For more information, see the National Ground Water Association website.

Erosion and Sediment Control Certification: This certification program was designed for engineering technicians engaged in all phases of erosion and sediment control work.

For more information, see the National Institute for Certification in Engineering Technologies website.

LOCATION INFORMATION: Denver, Colorado

Denver, Colorado
Denver, Colorado photo by David Shankbone

Denver is located in Denver County, Colorado. It has a population of over 598,707, which has grown by 7.9% over the last ten years. The cost of living index in Denver, 102, is near the national average. New single-family homes in Denver are priced at $223,800 on average, which is below the state average. In 2008, eight hundred thirty-seven new homes were constructed in Denver, down from 1,215 the previous year.

The top three industries for women in Denver are health care, educational services, and professional, scientific, and technical services. For men, it is construction, professional, scientific, and technical services, and accommodation and food services. The average travel time to work is about 25 minutes. More than 34.5% of Denver residents have a bachelor's degree, which is higher than the state average. The percentage of residents with a graduate degree, 12.4%, is higher than the state average.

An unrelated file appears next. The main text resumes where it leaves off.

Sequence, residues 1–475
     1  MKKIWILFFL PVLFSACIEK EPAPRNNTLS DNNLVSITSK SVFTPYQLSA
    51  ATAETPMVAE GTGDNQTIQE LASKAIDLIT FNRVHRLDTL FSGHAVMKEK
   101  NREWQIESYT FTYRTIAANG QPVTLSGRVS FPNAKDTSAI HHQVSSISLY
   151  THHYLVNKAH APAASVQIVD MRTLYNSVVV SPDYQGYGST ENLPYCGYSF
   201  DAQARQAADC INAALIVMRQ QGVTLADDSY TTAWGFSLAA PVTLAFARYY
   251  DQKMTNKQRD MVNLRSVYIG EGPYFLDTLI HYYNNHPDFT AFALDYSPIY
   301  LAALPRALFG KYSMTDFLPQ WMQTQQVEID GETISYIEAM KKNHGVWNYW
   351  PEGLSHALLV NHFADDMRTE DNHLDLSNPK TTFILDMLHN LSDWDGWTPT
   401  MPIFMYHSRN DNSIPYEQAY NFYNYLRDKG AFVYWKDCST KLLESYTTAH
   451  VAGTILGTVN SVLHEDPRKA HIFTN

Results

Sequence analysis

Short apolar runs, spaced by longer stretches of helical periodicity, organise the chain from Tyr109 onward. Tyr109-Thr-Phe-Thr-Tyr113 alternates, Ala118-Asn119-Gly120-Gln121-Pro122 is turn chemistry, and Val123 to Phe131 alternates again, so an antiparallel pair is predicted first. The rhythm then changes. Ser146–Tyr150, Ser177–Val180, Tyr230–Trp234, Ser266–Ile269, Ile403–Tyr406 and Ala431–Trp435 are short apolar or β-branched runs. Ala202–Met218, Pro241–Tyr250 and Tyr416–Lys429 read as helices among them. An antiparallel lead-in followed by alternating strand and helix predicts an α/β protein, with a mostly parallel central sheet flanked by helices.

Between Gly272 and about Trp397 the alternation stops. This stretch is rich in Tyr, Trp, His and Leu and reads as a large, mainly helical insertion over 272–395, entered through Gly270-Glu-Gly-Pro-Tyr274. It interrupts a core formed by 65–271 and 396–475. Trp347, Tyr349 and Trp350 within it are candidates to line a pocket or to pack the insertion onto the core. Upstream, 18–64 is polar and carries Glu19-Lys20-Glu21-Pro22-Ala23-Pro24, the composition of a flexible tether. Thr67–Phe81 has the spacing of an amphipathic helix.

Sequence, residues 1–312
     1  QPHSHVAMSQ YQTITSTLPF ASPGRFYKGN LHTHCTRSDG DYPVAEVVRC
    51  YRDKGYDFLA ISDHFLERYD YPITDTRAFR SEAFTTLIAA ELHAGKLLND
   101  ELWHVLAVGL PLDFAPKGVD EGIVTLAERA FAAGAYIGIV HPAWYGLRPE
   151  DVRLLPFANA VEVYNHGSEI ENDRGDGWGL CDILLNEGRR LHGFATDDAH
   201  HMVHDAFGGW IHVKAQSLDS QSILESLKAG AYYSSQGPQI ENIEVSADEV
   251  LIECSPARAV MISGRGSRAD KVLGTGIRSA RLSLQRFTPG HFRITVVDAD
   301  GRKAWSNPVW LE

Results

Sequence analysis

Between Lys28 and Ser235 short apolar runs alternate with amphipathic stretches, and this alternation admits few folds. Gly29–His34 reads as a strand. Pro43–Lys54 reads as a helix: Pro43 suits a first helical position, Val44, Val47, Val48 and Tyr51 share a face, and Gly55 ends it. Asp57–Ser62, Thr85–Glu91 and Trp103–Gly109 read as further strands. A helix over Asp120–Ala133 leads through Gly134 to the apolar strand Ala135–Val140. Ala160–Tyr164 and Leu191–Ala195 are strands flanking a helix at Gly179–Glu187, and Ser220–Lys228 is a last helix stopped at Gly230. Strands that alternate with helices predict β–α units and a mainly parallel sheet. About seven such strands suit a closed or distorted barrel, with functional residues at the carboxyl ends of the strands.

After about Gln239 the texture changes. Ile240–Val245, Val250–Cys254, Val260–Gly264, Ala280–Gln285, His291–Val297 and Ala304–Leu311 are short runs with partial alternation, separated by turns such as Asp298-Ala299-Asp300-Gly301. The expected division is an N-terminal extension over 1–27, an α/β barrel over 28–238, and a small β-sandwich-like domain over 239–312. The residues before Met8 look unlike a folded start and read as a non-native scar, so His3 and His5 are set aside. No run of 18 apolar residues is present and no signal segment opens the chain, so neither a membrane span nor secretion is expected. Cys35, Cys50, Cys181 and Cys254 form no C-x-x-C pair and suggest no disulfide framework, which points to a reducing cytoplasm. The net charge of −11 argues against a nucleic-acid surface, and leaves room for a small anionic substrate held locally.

The percentage of Denver residents that are affiliated with a religious congregation, 53.0%, is more than both the national and state average. The most prominent religious groups are the Catholic Church, the American Baptist Churches in the USA and the Episcopal Church.

Denver is home to the J F Kennedy Municipal Golf Course and the North Marston Filtration Plant as well as Cheesman Park and Bear Creek Park. Shopping malls in the area include Alameda Square Shopping Center, Boulevard Shopping Center and Brentwood Plaza Shopping Center. Visitors to Denver can choose from Embassy Suites Hotel Denver Downtown, Intown Suites Aurora and Denver Marriott City Center for temporary stays in the area.